To me it boils down to something Christopher Hitchens wrote back when Harpers did its Annotated column: "Read widely and read deeply." Easier stated than done of course and for those of us with decreasing amounts of time it's not likely that we're going to experiment too much. But how much you really claim to know an art form does depend on this just as I can't take seriously a film critic who couldn't tell you a thing about, say, Ulmer, Fuller, Kiarostami, Wiseman, Trinh, Dwan, Gehr, Rollin, etc.

Friday, May 28, 2010

Reading SF/Fantasy, Part One

The recent Southern fiction issue of Oxford American had a piece about Donald Barthleme that discussed in some detail his story "City of Churches".

As a freshman at the University of Alabama in 1979, I was put in the advanced English class which as far as I could tell (or remember) meant that there was more focus on literature than continually writing papers. When we read Sartre's story "The Wall" one student started discussing how this tied in to existentialism as if we all knew what was what but as a small-town kid from south Alabama, unlike this Birmingham guy, I'd never heard about any of that. (And if you're not a Southerner you likely won't realize that north and south Alabama are quite different.) Growing up I read constantly, didn't watch much TV and not many movies, and the reading was nearly all SF/fantasy with bits of parallel lit (Doc Savage pulps, a few mysteries here and there, some of the more ghost-story-looking romances like Victoria Holt, military histories). But I didn't read Sartre or for that matter almost any of the standard canon, not even in school.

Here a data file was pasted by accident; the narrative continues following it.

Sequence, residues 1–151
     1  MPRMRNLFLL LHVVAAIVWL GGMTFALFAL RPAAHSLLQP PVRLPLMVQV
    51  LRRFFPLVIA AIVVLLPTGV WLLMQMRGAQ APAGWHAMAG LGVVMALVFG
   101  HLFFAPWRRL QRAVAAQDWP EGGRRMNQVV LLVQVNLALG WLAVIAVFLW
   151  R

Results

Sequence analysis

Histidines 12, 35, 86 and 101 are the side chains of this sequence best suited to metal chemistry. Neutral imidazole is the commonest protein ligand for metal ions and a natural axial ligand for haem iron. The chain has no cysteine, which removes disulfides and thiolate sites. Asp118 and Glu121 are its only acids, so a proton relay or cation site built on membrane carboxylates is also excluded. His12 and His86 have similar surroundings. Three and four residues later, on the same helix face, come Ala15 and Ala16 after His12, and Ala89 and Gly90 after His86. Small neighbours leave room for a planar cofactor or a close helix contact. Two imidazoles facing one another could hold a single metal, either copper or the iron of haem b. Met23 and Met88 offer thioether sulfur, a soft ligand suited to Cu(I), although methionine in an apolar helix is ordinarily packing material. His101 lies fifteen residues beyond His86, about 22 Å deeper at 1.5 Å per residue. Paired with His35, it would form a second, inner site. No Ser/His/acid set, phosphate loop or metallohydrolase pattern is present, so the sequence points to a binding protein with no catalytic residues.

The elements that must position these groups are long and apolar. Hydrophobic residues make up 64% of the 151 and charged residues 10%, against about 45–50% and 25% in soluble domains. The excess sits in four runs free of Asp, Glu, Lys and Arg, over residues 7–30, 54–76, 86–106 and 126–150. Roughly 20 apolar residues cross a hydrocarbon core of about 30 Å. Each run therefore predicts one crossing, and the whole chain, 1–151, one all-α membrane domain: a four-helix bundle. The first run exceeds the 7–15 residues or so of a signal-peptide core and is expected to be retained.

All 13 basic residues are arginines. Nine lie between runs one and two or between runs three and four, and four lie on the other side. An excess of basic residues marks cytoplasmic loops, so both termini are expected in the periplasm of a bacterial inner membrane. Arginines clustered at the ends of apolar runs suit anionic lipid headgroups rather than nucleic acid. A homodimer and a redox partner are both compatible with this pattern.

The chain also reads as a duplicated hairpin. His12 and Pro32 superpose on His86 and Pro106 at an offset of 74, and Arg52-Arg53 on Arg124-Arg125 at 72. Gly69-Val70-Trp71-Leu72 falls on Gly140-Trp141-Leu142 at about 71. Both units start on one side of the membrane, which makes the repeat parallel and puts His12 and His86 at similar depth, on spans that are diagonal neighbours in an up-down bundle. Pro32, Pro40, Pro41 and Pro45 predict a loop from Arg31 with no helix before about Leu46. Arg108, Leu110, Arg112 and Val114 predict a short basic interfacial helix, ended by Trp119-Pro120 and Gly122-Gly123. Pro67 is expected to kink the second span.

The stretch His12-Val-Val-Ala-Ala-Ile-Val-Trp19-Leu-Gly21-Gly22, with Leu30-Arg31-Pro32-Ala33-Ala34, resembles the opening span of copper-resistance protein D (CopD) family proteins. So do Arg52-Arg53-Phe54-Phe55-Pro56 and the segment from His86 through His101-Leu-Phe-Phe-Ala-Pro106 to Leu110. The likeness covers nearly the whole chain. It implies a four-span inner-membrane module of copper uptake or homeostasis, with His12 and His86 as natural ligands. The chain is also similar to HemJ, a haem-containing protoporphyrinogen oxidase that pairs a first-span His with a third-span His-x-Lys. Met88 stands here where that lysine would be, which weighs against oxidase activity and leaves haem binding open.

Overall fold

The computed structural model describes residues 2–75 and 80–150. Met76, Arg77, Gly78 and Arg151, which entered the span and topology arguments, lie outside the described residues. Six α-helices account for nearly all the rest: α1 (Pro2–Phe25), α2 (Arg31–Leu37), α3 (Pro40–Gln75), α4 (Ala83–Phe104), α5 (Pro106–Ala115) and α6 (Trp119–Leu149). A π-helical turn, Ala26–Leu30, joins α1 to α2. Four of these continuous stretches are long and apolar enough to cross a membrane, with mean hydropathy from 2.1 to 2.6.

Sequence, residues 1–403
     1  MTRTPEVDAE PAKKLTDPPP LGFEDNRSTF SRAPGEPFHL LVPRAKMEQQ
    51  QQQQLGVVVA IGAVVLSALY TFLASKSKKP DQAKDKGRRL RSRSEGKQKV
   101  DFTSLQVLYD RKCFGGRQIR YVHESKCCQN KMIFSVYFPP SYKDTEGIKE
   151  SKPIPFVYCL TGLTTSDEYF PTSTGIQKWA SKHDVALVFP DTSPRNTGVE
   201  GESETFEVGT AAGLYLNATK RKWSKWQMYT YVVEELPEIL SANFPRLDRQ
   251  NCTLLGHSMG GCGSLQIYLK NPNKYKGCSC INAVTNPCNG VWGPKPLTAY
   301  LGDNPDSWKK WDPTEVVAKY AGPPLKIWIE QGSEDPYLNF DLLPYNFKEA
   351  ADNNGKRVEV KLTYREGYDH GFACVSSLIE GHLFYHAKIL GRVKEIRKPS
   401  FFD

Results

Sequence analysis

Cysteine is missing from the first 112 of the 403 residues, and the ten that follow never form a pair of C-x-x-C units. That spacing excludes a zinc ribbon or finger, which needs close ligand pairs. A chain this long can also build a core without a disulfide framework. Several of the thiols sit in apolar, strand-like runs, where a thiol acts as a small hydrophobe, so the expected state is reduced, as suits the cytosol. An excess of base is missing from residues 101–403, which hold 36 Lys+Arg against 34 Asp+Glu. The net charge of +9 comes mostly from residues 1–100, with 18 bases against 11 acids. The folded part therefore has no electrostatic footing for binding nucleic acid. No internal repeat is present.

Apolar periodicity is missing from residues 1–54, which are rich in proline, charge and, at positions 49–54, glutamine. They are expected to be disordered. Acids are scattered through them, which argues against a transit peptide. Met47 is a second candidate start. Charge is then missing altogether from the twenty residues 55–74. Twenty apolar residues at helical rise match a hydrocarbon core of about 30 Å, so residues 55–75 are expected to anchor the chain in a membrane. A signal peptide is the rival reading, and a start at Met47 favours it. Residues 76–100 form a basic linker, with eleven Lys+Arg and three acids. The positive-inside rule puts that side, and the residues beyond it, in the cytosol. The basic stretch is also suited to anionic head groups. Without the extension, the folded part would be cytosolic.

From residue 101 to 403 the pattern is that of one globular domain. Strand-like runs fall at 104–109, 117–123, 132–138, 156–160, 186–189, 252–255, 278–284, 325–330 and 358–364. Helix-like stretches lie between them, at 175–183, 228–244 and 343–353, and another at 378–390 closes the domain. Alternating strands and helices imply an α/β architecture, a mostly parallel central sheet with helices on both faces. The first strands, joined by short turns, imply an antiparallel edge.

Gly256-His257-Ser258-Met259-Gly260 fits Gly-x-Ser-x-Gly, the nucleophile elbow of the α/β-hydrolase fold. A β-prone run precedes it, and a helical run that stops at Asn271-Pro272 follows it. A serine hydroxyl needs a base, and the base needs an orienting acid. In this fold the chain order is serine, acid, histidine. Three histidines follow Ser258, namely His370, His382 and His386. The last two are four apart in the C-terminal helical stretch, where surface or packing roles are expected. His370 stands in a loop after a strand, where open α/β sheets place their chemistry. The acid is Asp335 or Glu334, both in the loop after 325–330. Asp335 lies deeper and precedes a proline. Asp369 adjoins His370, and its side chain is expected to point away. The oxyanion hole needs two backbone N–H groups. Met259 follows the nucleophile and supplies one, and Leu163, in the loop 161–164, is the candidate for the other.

So when the class came to read "City of Churches" I ended up in an oddly reversed situation. The story is about a woman who visits a city where all the buildings are churches. The class went nuts and had the hardest time with this but for me, who'd spent years reading books with radically different worlds or even laws of physics and where actually specifying the changes in detail was considered weak writing, for me this story was no problem. In fact I loved it in a way I didn't the Sartre. (Though today I have resisted re-reading Barthleme because of a feeling that I'll find him far less interesting than I did in my 20s. And I've still read almost no more Sartre.)

So reading SF/Fantasy made me more open to postmodernist writing? Maybe, it certainly creates a greater willingness to tolerate differences, at least for a while. Still I suspect this is more related to whatever quirk made me instantly like free jazz, musique concrete and structuralist film (not to mention other writers from Pound to Borges to Pynchon). After all most SF/Fantasy readers can be quite dismissive of experimentation of any kind.

Thursday, May 27, 2010

from the library

Since I can't twitter the list then the blog must be where documentation can be documented for that 25th century historian:

Dominguez - Mexico in Mind
Greene - The Lawless Roads
Lynd - Wobblies & Zapatistas
Buchenau - Mexico Otherwise
Powers - France in Mind
Kay Ryan - Best of It: New & Sel Poems
Burt - Art of the Sonnet
Wells - Shakespeare & Co.
Warren - Sel Poems of Robert Penn Warren
Assouline - Simenon A Biography

The Mexican books are because this Sept is the country's bicentennial so I'm working on events and displays for our store. And of course US schools teach so little history that I knew pretty much nothing about Mexico.

Twittering 3